What are your thoughts on this recent study? Any ideas with regard to what to do next? Yes, we need these girls to have a pivotal moment when they know they’re worthwhile—but even more than that—we need to promote positive development in these girls from the start so that this problem is markedly reduced in the first place. Otherwise, we are simply averting our eyes…aren’t we? I mean, how bad does it have to get before we pay attention?

Here’s to Making Our Girls Feel and Become Powerful–

Tots Popping Pills to Lower High Cholesterol? New Guidelines for at-risk children

Friday Reflection: Cholesterol- Lowering Drugs for Children

Dr. Robyn J.A. Silverman for Dr. Robyn’s Powerful Parenting Blog

As you know, I’m passionate about children’s positive body image— but that doesn’t mean I want us all to throw children’s health into the toilet. Let me know if you feel the same way.

Today, I’m feeling frightened. Have we hit a new low? The diet, physical activity, school lunch options and overall health maintenance plan for school-age children has been so compromised in recent years that the American Academy of Pediatrics is now recommending “statins,” drugs to lower high cholesterol levels, as part of the health plan for “at-risk” children as young as 8 years old. What are we saying to these children about their own ability to be in control and take care of their bodies without having to rely on medical and drug assistance? Part of positive body image comes from feeling in control and positive about your own body health.

“Obviously all of us want kids to really take care of their health,” said Dr. Marcie Schneider, a member of the nutrition committee who is an adolescent medicine specialist in Greenwich, Conn. “We want them exercising, we want them eating well. You try the least invasive things always first, but at some point if that’s not helping enough, you need to go to the next level.”

While some youngsters have genetic predispositions towards higher cholesterol, statins will also be geared towards children as young as 8 years old with LDL (the “bad” cholesterol) at 190 milligrams per deciliter or higher, of those with an LDL of 160 and a family history of heart disease or 2 other risk factors such as being diagnosed medically with diabetes, high blood pressure or clinical “obesity.”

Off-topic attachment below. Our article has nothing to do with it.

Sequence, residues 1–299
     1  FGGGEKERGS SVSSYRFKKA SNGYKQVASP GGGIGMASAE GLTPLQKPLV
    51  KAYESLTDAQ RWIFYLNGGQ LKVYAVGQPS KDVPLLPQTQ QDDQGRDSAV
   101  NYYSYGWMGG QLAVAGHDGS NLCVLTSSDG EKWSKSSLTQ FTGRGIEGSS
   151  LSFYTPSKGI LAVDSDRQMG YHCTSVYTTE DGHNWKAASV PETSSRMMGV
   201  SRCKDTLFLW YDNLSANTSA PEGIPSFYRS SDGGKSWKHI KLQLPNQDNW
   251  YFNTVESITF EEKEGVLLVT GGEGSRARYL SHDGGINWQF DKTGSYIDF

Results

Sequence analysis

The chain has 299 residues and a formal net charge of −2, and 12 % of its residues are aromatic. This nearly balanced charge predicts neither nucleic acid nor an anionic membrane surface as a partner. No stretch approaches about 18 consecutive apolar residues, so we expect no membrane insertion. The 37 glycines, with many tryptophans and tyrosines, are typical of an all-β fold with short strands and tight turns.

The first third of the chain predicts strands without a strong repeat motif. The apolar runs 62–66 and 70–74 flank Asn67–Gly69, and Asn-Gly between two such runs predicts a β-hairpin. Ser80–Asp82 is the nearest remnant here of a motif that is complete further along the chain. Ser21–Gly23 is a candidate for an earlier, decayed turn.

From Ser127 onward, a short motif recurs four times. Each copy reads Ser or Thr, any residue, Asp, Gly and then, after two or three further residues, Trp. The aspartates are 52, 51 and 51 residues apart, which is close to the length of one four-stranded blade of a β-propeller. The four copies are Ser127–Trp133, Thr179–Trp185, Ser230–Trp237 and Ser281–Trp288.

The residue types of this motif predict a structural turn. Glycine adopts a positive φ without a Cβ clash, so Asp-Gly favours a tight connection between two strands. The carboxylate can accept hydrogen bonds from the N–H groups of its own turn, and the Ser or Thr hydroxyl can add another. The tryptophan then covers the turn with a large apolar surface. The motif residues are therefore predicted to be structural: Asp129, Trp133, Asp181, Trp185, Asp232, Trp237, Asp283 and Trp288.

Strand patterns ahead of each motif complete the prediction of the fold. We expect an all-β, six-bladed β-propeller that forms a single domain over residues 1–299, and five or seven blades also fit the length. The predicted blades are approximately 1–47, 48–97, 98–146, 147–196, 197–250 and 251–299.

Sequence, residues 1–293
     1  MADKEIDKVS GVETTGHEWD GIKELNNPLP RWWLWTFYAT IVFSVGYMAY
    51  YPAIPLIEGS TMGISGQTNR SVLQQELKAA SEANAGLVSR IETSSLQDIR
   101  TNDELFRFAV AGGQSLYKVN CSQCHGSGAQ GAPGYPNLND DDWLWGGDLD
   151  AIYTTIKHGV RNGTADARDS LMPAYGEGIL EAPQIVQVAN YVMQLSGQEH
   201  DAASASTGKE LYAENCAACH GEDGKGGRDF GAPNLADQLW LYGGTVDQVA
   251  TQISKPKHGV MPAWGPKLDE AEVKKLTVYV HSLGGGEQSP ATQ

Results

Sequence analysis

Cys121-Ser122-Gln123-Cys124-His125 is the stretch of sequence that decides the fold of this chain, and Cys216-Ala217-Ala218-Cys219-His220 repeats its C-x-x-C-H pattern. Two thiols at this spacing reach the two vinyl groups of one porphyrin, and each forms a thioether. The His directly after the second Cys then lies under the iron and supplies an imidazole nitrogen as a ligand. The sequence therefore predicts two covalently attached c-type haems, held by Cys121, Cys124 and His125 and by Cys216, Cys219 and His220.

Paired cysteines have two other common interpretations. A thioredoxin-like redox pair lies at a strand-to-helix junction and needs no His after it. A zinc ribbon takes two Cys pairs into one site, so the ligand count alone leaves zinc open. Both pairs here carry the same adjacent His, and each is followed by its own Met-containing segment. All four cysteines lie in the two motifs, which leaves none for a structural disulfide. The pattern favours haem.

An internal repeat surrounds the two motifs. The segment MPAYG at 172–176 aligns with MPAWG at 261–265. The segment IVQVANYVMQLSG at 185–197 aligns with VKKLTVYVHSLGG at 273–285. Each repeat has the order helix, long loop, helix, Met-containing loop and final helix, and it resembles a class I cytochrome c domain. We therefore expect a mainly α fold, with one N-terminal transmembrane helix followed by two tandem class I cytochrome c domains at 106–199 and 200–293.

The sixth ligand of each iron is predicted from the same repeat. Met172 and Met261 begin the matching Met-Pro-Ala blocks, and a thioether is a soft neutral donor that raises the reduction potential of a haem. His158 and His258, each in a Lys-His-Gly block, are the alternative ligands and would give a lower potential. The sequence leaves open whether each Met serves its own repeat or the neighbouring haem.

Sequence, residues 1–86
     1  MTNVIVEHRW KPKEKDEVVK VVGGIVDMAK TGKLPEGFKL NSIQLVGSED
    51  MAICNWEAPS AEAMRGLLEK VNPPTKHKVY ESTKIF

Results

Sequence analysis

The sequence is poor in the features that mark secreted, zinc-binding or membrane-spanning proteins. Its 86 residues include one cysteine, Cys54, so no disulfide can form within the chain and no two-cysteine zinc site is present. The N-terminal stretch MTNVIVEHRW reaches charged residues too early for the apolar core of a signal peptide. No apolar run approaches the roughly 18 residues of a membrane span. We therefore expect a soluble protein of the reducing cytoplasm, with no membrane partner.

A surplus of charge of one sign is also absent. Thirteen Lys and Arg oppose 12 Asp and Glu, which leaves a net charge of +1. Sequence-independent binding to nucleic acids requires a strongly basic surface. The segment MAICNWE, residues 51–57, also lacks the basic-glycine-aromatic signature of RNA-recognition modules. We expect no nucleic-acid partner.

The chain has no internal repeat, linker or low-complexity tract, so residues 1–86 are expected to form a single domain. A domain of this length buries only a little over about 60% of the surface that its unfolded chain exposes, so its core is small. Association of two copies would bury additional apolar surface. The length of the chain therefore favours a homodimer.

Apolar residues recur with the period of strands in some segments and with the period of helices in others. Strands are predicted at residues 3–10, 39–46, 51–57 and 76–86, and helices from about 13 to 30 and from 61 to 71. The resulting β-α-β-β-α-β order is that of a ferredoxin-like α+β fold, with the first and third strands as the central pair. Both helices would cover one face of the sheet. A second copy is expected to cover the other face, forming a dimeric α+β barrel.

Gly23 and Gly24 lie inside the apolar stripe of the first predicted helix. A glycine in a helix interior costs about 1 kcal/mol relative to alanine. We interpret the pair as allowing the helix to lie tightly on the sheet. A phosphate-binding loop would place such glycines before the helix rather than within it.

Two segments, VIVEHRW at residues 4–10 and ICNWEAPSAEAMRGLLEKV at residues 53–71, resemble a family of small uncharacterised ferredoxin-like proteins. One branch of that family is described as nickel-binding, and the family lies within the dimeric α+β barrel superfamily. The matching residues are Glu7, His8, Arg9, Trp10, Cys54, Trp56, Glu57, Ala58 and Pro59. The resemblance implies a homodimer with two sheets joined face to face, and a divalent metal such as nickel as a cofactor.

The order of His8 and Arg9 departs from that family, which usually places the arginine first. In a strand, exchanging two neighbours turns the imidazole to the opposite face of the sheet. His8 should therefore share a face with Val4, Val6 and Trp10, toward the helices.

“When you have a kid whose cholesterol looks like an overweight 65-year-old, what do you do?” said Dr. David Ludwig, director of the childhood obesity program at Children’s Hospital in Boston. “The committee had to balance the risks of treating children with powerful drugs, about which there is limited long-term data, with the risks of not treating children with unprecedented cardiovascular disease risk factors.”

The Issue: Concern that children are at risk for heart disease and heart attacks due to high cholesterol.

The New Guidelines: Issued by the American Academy of Pediatrics, citing that children as young as 8 should be put on cholesterol-lowering drugs if they meet the criteria for being “at-risk.”

The Problems: Several problems with these new recommendations have been cited.

Here are a few:

  1. There are no long term studies on how these drugs will affect the children in the long run—especially if they plan to take it for the rest of their life.
  2. The side effects are unknown for children. Adult side effects have been noted; such as cognitive problems and muscle pain.
  3. There is fear that the drug companies are now going to be advertising these drugs for children. “It will open the door for pharmaceutical companies to heavily advertise and promote their use in 8-year-olds, when we don’t know yet the long-term effect on using these drugs on prepubertal kids,” said Dr. Alan Greene, a pediatrician in Danville, Calif., and the founder of the popular Web site DrGreene.com.
  4. As reported in the New York Times, “We’re talking about potentially treating thousands and thousands of children simply to possibly prevent one heart attack,” says Dr. Sanghavi, from the University of Massachusetts. “That kind of risk benefit calculation is entirely absent from the A.A.P.’s policy.” Dr. Sanghavi, went on to say that statin drugs may affect a child’s endocrine system, which regulates growth and development, among other things. “I, for one, feel unsafe simply saying children are little adults in this case,” he said.
  5. There is no evidence that these drugs will prevent heart attacks later in life.
  6. It’s so easy to pop pills; A “push-button” solution may encourage children to continue eating a poor diet, refrain from getting enough exercise, and embracing an overall positive health maintenance plan. This can lead to many more dangerous health problems and a perceived “lower priority need” for good health education and lunch programs in school.